Balancing tail risks and relative value

A simple approach of buying put option protection is generally expensive because implied volatility is usually above realized volatility – and this was true for US equities even in the first half of 2022, surprising many investors. A “naïve” or simple put protection strategy might well have lost money over this period. For instance, the PPUT Index – which combines long equities with 5% out of the money put options – offered no real protection in the first half of 2022. As of mid-June 2022, it had lost about 25%, approximately the same as the US equity market.


With $1.7 billion in assets under management (as of July 2022), the firm is one of the larger players in the volatility space

Tail risk protection, which tends to focus on more distant protection against deeper drops in equity markets, is also not as simple as it might sound because the levels are a moving target and the declines might not happen fast enough for the options’ convexity to kick in. Tail risk hedging can also have hidden costs. Intuitively, protecting against an extreme tail move sounds like it should be the cheapest approach, though in practice it can entail relatively high transaction costs in terms of bid/offer spreads, which then further increase the costs of more frequent rebalancing that is needed to maintain the strategy objectives in volatile markets. “Additionally, deeply out of the money puts only pay off under rare and extreme events, for which the seller needs significant cushioning. They may look cheap in absolute terms but can be expensive in volatility terms,” says Hekster.

A dynamic approach, shifting between different sorts of hedges to optimize costs based on their relative values and payoffs, is likely to reduce costs over time. This also entails some basis risk between the hedging strategy and the targeted risk reduction so that the strategy could both outperform and underperform the target over different periods.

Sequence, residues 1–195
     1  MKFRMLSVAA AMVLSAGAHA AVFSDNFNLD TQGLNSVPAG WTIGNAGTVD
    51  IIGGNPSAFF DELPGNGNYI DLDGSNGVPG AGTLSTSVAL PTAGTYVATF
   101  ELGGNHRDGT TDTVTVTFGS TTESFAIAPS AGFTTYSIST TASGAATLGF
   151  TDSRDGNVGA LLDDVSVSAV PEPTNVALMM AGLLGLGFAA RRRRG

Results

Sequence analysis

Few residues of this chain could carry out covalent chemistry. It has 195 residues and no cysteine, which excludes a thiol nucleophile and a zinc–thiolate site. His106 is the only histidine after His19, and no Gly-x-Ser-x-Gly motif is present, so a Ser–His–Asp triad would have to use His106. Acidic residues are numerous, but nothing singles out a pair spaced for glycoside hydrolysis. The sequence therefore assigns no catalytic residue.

For True Partner, customization comes into play for the design of investor mandates. “Some investors are focused on a single type of tail risk scenario such as protecting against a 2008 or 2020 event. Others are looking to protect against a wider range of market downturns. A third group is seeking a more all-weather hedge fund return profile, but with added convexity. The types and weighting of strategies which best suit investors can differ across mandates,” says Robert Kavanagh, Head of Investment Solutions at True Partner. The firm’s suite of strategies provides options across the full range: “For example, blending tail risk and relative value can be very complementary as the different approaches offer diversification benefits. The beauty of blending relative value and tail risk in one mandate is that over time relative value can generate positive returns which go towards funding more explicit and focused tail risk protection,” adds Kavanagh.